As a foodie, I can’t afford to miss out on what’s yummy for the tummy. However, with the Christmas traffic going on for the whole month of December, it’s a little bit challenging for me to move around places. A restaurant that is only 1 hour away becomes 3 hours away due to heavy traffic and gazillion cars of Metro Manila. When you ask me about the best ramen in town, I’d instantly instruct you to head to Makati, specifically at Pasay Road.  Now if I come from San Juan and go all the way to Makati after work, I bet I’ll starve in the car just dreaming of my hot bowl of ramen.
The news that a new and competitive ramen spot will open around my area gave me the thrill. I couldn’t afford missing out on the grand opening and celebrating dinner with my hot bowl of ramen. I was fortunate to be invited as one of the guests, together with my awesome friend, Anton Diaz of Our Awesome Planet.
Ramen Daisho is the Ukokkei Ramen of the Mandaluyong area. Ramen Daisho’s ramen recipe was bought directly from Japanese Master Chef Giantsu Yasuhiko. Who is he? Well, he’s the master who created the recipe of Ukokkei Ramen Ron.
Ukokkei is known as the “more expensive” chicken meat of the Japanese. It has rare features that makes it sacred, which is believed by the Asians, specifically the Chinese and Japanese. It has dark blue flesh and bones,blue earlobe and five roes on each foot. According to the Japanese, the meat of Ukokkei is highly nutritious and more delicious compared with other chickens.
As I sat down with O and Anton, we were given this 1 page menu of various ramen selections. It took us quite a while to choose which ramen to try. I called for the help of Mr. Atsushi (one of the owners) to explain the difference of these ramen selections. They all seem mouthwatering from the photo descriptions.
If you encounter this menu and find it confusing to choose which ramen’s best for your taste-buds, better ask any server to orient you. Or read thoroughly and make sure that’s your type of ramen.
Shoyu Ramen with Leek Oil (Regular – Php 320 / Large – Php 580)
Rate: 5/5
I finally decided and had to try this Shoyu Ramen with Leek Oil. The way Ramen Daisho briefly describes this ramen – thin, flat noodles in soup broth with a blend of the finest selection of Japanese soy sauce and an additional leek oil to give it a boost. You can’t go wrong with this ramen! I personally chose this because of its additional leek oil that makes my ramen more delicately sweet and robust. Leek alone gives a fusion of onion and garlic flavor, which keeps the ramen flavorful even as it shifts from its hot temperature to room temperature.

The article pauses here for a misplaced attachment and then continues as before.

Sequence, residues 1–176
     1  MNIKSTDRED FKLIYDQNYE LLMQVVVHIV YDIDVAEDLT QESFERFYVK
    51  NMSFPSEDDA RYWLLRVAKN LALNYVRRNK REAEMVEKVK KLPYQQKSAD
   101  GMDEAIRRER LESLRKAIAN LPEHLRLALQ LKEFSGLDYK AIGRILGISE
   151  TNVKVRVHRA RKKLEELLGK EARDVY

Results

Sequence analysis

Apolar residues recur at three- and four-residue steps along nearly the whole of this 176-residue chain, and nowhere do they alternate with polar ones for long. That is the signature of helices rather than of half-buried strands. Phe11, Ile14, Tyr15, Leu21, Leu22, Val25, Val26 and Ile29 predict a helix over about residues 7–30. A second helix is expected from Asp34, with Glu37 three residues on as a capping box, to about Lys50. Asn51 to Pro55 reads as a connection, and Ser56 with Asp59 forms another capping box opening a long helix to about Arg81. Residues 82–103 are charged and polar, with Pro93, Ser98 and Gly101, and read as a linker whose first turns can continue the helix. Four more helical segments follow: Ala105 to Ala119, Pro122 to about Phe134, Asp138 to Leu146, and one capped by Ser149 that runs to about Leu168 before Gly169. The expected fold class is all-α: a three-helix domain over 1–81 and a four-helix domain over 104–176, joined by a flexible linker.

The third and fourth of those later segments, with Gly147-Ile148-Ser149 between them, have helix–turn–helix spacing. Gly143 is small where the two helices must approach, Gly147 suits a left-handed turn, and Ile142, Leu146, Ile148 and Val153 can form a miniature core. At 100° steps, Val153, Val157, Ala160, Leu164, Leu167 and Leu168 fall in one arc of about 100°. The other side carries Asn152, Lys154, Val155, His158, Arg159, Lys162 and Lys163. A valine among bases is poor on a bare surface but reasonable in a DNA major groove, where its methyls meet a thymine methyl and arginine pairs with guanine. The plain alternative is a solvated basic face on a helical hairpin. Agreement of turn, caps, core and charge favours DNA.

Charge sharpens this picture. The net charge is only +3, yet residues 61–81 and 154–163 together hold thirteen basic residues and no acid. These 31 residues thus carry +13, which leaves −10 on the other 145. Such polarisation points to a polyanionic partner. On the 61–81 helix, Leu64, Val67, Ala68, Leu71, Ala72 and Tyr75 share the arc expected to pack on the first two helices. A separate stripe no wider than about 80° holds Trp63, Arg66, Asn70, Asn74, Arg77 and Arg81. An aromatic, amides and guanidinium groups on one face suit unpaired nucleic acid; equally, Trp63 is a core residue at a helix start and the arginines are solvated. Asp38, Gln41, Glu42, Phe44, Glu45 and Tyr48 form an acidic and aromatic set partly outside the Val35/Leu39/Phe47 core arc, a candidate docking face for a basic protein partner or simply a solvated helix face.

The perfectly cooked egg brightened up this ramen. If you wish to add more eggs, you pay a little extra Php 40.
Shio Chasu-Men (Regular – Php 380 / Large – Php 740)
Rate: 4/5
O opted for this type of ramen, Shio Chasu-Men. Hakata style straight noodles in rich, milky, pork-bone soup. Compared to what I ordered, Shio Chasu-Men is more on the creamy and milky side of ramen. It used the same noodles, flat noodles, perfect for the blend of chasu. What we noticed was the generous amount of chasu given to our bowl. It gives the bowl and outstanding ramen look, pleasing to the eyes.
Yakibuta Chahan (Php 250)
Rate: 5/5
The most amazing that happened that night was to to fill up my hungry belly with this Yakibuta Chahan rice! Oh my goodness, there is abundant flavors that’s partying in my mouth as I get a spoon of Yakibuta Chahan. I’m more of a bread person than a rice person but I was magnetized by the taste of this Chahan rice. I normally order plain rice in Japanese restaurants to be able to balance the flavors more as I eat it, more of the main dish and less of its rice. This Yakibuta Chahan enticed me too much, I couldn’t resist grabbing a spoonful of Chahan rice. I asked the master chef what’s in this rice that is so addictive. From his own words, there’s a “secret recipe” to it. Well, I must admit it, that secret recipe surely worked.
I tell you, this is a must-try!
Gyoza (Php 110)
Rate: 4/5
Another specialty of Ramen Daisho I was hooked to. Their Gyoza is extra special because of the wrapper used. According to them, their gyoza is wrapped with special dough made from sticky rice and flour. If you know how mochi tastes like, Ramen Daisho uses a similar thin sheet to make it more chewy and more engrossing to munch.
That evening, it was my first time to try Jameson’s super creamy Guyabano and Sea Salt Caramel Crunch Gelato. I loved both flavors! Although if we compare both, I need to be biased and choose Sea Salt Caramel Crunch over Guyabano.
 If you let me sit on that area, I might refuse to. I just don’t find myself comfortable sitting with anyone in that kind of set-up.
I’d rather be seated on a couch, a more comfortable area to enjoy my ramen, chahan rice and gyoza.
20% off for the whole month of December 2013 & 10% off for the whole month of January 2014!
Thank you Anton for this photo! 🙂
O & I were entertained as we talked and had dinner with you.
With owner Atsuhi Matsuura & Master Chef Giantsu Yashuhiko
Starstruck photo beside the ramen master chef! Thanks Anton for capturing this moment. Hehe.
Thank you Ukokkei Master Chef Giantsu Yasuhiko for bringing a taste of Japanese ramen to Manila!
Visit Ramen Daisho now!
The Food Scout recommends this Ukokei ramen house for you.
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Pray, Eat and Love.
The Food Scout

Location: Unit 2, Sunshine Square, Liberty Center, 312 Shaw Blvd. Mandaluyong, Metro Manila, Philippines
Operating Hours: 11:30am-2:30pm / 5:30pm-10:00pm
Contact: (+632) 774-0036
Facebook Page:
Budget: PHP450++

Food 10/10
Ambiance 8/10
Service 9/10
Cost 8/10
Overall 8.75/10